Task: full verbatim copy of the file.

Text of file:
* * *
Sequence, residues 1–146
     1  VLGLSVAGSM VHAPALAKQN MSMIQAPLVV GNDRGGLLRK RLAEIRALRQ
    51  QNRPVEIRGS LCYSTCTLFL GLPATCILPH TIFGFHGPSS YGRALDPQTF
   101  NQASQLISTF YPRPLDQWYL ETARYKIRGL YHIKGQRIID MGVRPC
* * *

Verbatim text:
Sequence, residues 1–146
     1  VLGLSVAGSM VHAPALAKQN MSMIQAPLVV GNDRGGLLRK RLAEIRALRQ
    51  QNRPVEIRGS LCYSTCTLFL GLPATCILPH TIFGFHGPSS YGRALDPQTF
   101  NQASQLISTF YPRPLDQWYL ETARYKIRGL YHIKGQRIID MGVRPC